Apprentice
Decision Time (2)

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Flair, Care, And The Dirty Chair

A conversation between two random guys we have never seen before who have just experienced their peak in life, notoriety-wise, exposits that it's a power problem, and that "someone that knows the building" will need to figure out what they need to do. Jen meets up with X-Box John, who tells her that his company has put a lot of money into this setup, so it needs to be figured out. "I understand; what can we do to help you?" she says. No, no, Jennifer. You aren't helping him. This is your problem, not his problem. This is where you say, "I'm going to call the building engineer immediately, and I'll get back to you in five minutes." And then you do, and you do. Impatient with her watery "What can I do for you?" approach, X-Box John responds, "Get power." He goes on to tell her that what he needs is for her to take over the problem. "The best thing I can do right now is to contact the engineer," she says. "If you think there's something further I need to do..." He cuts her off. "What I need you to do is make me feel...just make the problem go away." It makes sense to me -- it's not just a matter of what he wants her to do, it's that he doesn't want to get that "Well, all I can do is X" response that she's giving. He wants her to adopt the problem as her own. She's essentially giving the customer-service response you give when you're lowering expectations at the luggage office at the airport and you want people to understand that you will try to find their bags, but you can't promise anything and it's not your personal mission. "All I can do is this," you know? What she needs to give in this situation -- as the manager of the event for which this sponsor put up so much cash -- is the opposite: the "I will take it as my personal mission to get power on, and it will happen" response. A bit later, X-Box John breaks the news to Jen that there's also no power to run a couple of neon signs that are supposed to be operating. Jen turns on her condescending, annoyed little smile (tooootally the wrong face to wear) and says, "I understand that your focus is power. I want to get that for you. So if you let me focus on that, I'll make it happen."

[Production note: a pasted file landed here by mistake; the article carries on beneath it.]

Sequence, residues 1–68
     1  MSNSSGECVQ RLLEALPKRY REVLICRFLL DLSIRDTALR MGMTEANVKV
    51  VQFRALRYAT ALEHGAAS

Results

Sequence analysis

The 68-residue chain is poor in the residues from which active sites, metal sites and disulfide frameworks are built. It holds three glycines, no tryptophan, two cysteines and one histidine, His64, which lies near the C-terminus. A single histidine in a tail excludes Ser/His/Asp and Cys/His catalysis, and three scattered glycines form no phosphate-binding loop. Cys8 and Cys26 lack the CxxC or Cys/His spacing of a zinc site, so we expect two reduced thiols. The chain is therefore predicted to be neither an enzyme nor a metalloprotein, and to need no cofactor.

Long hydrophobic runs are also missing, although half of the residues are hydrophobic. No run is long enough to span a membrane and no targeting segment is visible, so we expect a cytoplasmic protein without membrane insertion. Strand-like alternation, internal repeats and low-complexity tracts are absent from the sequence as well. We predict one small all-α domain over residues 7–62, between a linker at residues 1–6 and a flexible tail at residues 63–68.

And if she had left it there, Jen would have still been in the realm of reasonable judgment. But she doesn't. She has to add, "But if we sit here and argue, I can't make it happen." So, you see, it's his fault that it isn't solved. As he correctly points out, however, he's not arguing. He's telling her what the problem is. It's just so transparent that Jen doesn't make it her goal to solve the problem. ["I think that's the main problem with the way this show is set up, with the project managers having to hit the boardroom when they lose: it trains the weaker, dumber people to prepare their victim story even as the task is happening and there's a chance they might not lose; we saw Ivana doing it all season. Now, of course, the strongest people don't succumb to it, because they've already learned how to be good managers at other points in their lives. But the strongest people don't end up on this show because they're already out having good careers." -- Wing Chun] Jen's goal is to constantly remind people what the limits of her responsibility is, and all the factors that are someone else's fault that are causing the problem, rather than just saying, "Fuck it, put me on the hook, I'm going to solve it." That's how leaders operate, in my experience. I think of Bill going to dig around by the dumpsters himself to look for that sign last year. It's a guess, but I think Jen would not have done that. I think she would have said, "Signage is the responsibility of [x], so [x] needs to find that sign right away," and she would have called up and yelled at whoever it was. But would she push herself to the point where she would doggedly keep after it personally until they found the sign? Would she go down to the dumpster just on the weird off-chance that it had been accidentally thrown out? Doubt it. Once she felt she had someone else who was more at fault than she was and she had a story in which she had done everything that it was her job to do, she wouldn't actually, substantively care if anybody actually found the sign.

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Apprentice

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